My OB had advised me to stay on the Celexa while pregnant. I did as I was told. Eventually I gave birth to a healthy son. Then in the Fall of 2017, my Celexa ran out. My therapist, to my surprise, had just retired and my OB would not prescribe the Celexa for me. My son was just three months old. I went into withdrawal. It was hell on me and it turned out to be hell on my son too. I thought that was because of my own postpartum depression, though that was never formally diagnosed.

Then I finally got a primary care doctor who put me on Zoloft. Like the Celexa this also made the world fuzzy, out of focus – distant. But it helped.

FAILED BY MEDICINE

I ran out of Zoloft and thought I had refills available but I didn’t. Unfortunately, this happened while my doctor was out of town. His office refused to send in a refill request until he was back. Zoloft has a half-life of 26hrs, so it was well out of my system days later when my doctor was back. My son who was still breastfeeding, went through withdrawals with me this time. It was awful watching him so agitated when he was normally such a happy baby. The doctor had assured me it was safe to take while breastfeeding, but clearly it was not. I was furious. This was the state I was in when I had the incident with the secretary where I stormed out of my doctor’s office.

I swore off pharmaceuticals at that point.affective mood disorder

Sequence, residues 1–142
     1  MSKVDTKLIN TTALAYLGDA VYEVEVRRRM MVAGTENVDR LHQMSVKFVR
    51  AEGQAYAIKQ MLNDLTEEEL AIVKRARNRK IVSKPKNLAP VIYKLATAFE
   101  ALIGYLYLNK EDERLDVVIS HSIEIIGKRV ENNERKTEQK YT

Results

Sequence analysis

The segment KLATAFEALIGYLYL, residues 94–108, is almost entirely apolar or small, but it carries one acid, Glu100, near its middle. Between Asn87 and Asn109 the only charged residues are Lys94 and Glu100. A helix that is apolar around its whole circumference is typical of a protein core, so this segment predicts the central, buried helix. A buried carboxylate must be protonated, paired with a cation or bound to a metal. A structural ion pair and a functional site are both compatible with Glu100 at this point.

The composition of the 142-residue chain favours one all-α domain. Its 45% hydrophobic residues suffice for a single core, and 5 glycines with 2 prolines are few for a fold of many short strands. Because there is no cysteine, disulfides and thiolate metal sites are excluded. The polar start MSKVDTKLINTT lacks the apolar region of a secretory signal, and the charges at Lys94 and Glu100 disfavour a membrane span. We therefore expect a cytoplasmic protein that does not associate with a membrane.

FINALLY, A DIAGNOSIS – AFFECTIVE MOOD DISORDER

Late in the Spring of 2018, without the benefit of drugs or therapy, I finally got diagnosed.

I’d seen something online that caught my attention. I remember reading and crying, realizing what was wrong with me could have been explained all these years – “emotional dysregulation” (also called “affective mood disorder”). In short, this is the inability to control the intensity or duration of negative emotions like fear, sadness, anxiety or anger. Though I had been told I had emotional dysregulation years earlier, no therapist I ever saw addressed or talked about that. Instead they focused pieces of it.

I now realized why so many therapists hadn’t given me the coping and self-management tools I needed.  They weren’t seeing the whole picture. It explained everything.

APPLYING FOR DISABILITY

So, in 2018 I finally decided to try for disability again. I filled out the disability application and was evaluated by the same psychiatrist that Social Security had sent me to in 2013 (when I applied based on just my depression alone and was denied). This time, armed with a formal diagnosis, I got approved.

TODAY and TOMORROW

Nowadays, I manage myself holistically: vitamins, healthy diet, physical therapy exercises, light exercise, and working on how I speak to myself internally. I also have my husband’s help and support and a Facebook group which is a safe place for people like me. Someday I may try another therapist, but my experiences have left me not very confident in its benefits.

My goal now is to get my photography business off the ground so I won’t need SSD anymore. I don’t want to depend on it and I don’t want to struggle with affective mood disorder forever. Somedays are good and some are bad, but that’s okay because every day is a new start.

[1] As of 2018, public breastfeeding is legal in all 50 states.


Melissa is a graduate of NHTI with two Associates Degrees. She is on track to finish her bachelors in professional melissa digital photography in spring 2020 with SNHU. Melissa enjoys most art mediums, but photography is the career path she is focusing on, honing her skills and developing her own business from home while raising her son and taking classes online. Melissa has two chihuahuas and a cat, but always wishes she could take in more because of her passion for animals.